The mutual fund management expenses are regulated by SEBI and maximum limits are already there i.e. 2.25%. These expenses are already deducted from the NAV, and are hence very transparent.  The next decade is projected for India’s best growth and wealth will be created. Don’t miss it. All this is 100% tax free!! You  can customise  the cash  flow  as  per your  needs


Make your salary package tax-efficient by planning your income tax well. For income tax planning, you can structure your pay package so that it includes various tax-free payments rather than getting it all as basic salary.
Some of the common payments are:  

• House rent allowance (HRA)
• Transport allowance
• Reimbursement of medical expense, hotel bills,
foreign travel of spouse, and books
• Car provided by company
• Food coupons
• Leave travel concession (LTC)

Your EPF (employee provident fund) contribution is at your discretion; you may adjust it  depending on your other investment needs. It is a good idea to raise your employers contribution up to 12% of your salary, as it is exempt from tax.  Though you get tax benefit on certain allowances mentioned above, all perquisites are taxable as normal salary. Some common perquisites which are taxable as normal salary are:

• Loan at an interest rate lower than SBI PLR
• Rent-free accommodation


One of the most painful aspects of tax planning is waiting for a tax refund. Taxpayers sometimes have to wait for years before they get their money back. In some cases, taxpayers have to pay out-of-pocket expenses (up to 10% of the refund amount) to get it moving.

The simplest way to avoid these delays is to ensure that you do not pay more tax than is due in a year. For salaried people, this is possible if they submit proof of their investments to their employer well in time. Otherwise, the employer will have no choice but to deduct additional tax.

Sometimes, the proof of investment submitted is inadequate or needs more details. For instance, the employee will submit house rent receipts without the landlord’s PAN details or a receipt of a mutual fund without the time stamp on it. Therefore, submit the proof of investments well in time to avoid any last-minute glitches. Another reason for excess tax deduction could be that the employee has not given his PAN number to the company.

You must also check if your employer has correctly noted the details and is depositing the tax with your PAN number. This is important because in case of a mismatch due to a clerical error, you might find that your tax has been credited to some other PAN number. If there is a mistake, ask the employer to file “correction statement” to rectify it.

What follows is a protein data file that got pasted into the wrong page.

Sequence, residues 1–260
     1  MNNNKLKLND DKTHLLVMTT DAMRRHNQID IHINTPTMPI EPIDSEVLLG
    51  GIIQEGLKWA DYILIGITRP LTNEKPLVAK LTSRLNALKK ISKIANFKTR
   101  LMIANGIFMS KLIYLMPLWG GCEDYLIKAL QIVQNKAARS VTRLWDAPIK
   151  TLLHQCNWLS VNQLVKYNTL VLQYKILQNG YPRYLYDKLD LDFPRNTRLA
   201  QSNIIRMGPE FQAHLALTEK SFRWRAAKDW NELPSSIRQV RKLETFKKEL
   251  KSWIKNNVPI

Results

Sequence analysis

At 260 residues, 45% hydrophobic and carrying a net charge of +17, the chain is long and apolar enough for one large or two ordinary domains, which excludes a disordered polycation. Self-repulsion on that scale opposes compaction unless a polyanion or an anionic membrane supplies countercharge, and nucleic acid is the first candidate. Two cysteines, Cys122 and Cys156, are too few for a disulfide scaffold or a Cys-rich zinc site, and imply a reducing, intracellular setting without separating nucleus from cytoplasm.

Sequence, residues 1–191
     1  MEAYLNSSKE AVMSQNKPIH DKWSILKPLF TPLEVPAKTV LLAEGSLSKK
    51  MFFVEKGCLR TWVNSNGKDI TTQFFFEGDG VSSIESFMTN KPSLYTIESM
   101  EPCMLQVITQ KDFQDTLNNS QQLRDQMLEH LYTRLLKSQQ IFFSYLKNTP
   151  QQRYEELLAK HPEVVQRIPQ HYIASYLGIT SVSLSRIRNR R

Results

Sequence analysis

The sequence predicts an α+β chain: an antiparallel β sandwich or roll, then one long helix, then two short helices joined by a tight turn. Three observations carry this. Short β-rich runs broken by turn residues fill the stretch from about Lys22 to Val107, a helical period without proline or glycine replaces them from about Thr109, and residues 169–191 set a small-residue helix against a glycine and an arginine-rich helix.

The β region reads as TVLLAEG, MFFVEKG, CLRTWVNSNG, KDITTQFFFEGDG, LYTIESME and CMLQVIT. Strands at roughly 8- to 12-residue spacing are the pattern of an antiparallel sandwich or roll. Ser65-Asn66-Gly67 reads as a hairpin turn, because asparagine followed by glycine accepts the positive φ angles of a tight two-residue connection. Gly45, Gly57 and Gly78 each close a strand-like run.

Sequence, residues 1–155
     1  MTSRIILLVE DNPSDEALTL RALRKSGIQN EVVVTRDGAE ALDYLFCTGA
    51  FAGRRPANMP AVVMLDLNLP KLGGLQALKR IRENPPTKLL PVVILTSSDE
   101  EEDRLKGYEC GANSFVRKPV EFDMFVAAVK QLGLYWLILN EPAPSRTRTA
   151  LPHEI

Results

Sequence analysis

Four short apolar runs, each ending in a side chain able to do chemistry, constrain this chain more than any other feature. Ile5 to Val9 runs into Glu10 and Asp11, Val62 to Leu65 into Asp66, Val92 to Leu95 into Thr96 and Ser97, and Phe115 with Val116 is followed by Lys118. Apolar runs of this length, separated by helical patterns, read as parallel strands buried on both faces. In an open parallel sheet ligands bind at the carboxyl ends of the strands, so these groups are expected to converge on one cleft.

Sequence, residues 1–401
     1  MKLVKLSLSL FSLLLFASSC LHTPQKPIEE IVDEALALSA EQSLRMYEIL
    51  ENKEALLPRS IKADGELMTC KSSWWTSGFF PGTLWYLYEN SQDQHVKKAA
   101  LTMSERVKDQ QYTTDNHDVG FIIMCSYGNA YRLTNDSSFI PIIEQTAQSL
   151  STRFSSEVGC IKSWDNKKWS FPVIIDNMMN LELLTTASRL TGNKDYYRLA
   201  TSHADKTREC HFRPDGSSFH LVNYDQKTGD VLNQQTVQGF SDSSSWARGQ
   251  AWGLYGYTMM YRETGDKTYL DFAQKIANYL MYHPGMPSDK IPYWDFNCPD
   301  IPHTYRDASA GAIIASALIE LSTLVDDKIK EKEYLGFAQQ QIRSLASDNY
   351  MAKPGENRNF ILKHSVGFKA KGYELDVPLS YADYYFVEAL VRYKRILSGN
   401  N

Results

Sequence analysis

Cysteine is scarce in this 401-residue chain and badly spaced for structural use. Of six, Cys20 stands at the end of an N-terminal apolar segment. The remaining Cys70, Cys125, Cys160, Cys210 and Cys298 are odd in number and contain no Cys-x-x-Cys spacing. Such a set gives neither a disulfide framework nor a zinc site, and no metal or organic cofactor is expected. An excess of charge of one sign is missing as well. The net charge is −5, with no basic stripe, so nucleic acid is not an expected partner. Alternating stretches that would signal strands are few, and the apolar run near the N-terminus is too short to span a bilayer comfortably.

Even if you submit all the proofs of investment in time, some excess tax might still get deducted. This can be the TDS on interest from bank fixed deposits and bonds. In some cases, even though you are not in the income tax net or have already factored that income in your tax payments, TDS will be deducted.

You have a better chance of getting this excess payment refunded to you if you file your return online. Ever since the income tax department started processing returns electronically, the time taken for issuing refund cheque has reduced dramatically. If you have given correct bank details (account number, bank name, branch code and address), you can get the money in your account within days of the assessment of your return.

Tips for tax planning:

Medical treatment expenses upto Rs. 15,000/- p.a. can be claimed as deduction from salary Conveyance allowance upto max. of Rs. 800/- p.m.(i.e. Rs.9,600 p.a.) can be claimed as deduction from salary Interest on Housing loan is available as deduction (Upto Rs.150,000/- in case of self occupied property & Unlimited in case of let out property). Life insurance premium paid for spouse or child also qualifies for deduction under S. 80C Capital gains on sale of house property can be avoided by purchasing another house property within 2 years after or 1year before date of sale.

Long term capital gains on listed shares/securities is not taxable. Take home loan jointly with your spouse. Thus total deduction under section 80 C will be 2 lacs and total interest claimed can be upto. Rs. 3 lacs thereby saving upto Rs. 5 lacs income p.a. (i.e. tax saving of over Rs. 1.5lacs) Salary can be structured in such a way so that all benefits in form of exemption limits are fully utilized. E.g. asking your employer to contribute full 12% of salary in form of PF component instead, if the current contribution is less than 12 %. Always take a receipt of donation. The same may be eligible for a deduction under section 80 G.

Don’t forget to claim tution fees of your childrens education as allowable deduction under section 80 C Stamp duty charges and registration charges paid while purchasing new house is eligible for tax deduction under Section 80C. Ø Other deductions that can be claimed from Total Income (Tax planning tips):

Section 80 D: Mediclaim Policy premium. Limit: Rs. 15,000/- (Rs. 20,000/- for senior citizen) to cover your spouse, you and dependent children plus Rs. 15,000/- if you pay medical insurance premium for your parents i.e. a total of Rs. 30,000/-. Payment should be made by cheque.   Section 80 E: Loan to pursue higher education such as full time graduation and post graduation. The entire amount of interest which you pay on the loan during the financial year is eligible for deduction under this section. You should avail of a loan from an approved charitable institution or a notified financial institution. The deduction is available for a maximum of 8 years or till the interest is fully paid off, whichever is earlier.   Total deduction of Rs. 130,000/- can be claimed for just 80 C & 80 D as under: 80 C : Rs. 1 lac 80 D: Rs. 30 K